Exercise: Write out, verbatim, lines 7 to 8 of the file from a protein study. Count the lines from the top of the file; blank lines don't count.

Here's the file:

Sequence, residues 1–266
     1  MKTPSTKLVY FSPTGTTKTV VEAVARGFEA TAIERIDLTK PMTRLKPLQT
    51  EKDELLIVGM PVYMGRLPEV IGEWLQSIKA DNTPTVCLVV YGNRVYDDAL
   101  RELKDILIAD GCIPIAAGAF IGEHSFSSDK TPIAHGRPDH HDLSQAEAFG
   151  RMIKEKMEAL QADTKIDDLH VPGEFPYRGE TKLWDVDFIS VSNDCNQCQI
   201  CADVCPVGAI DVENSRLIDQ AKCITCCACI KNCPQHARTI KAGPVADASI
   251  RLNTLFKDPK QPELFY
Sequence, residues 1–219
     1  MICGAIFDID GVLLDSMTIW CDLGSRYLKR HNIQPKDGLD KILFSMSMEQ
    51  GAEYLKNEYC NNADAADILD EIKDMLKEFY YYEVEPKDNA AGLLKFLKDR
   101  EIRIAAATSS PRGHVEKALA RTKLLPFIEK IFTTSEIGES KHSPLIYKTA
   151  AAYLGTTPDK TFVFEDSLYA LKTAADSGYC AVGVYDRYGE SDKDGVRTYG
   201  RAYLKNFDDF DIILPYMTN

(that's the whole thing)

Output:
   251  RLNTLFKDPK QPELFY
Sequence, residues 1–219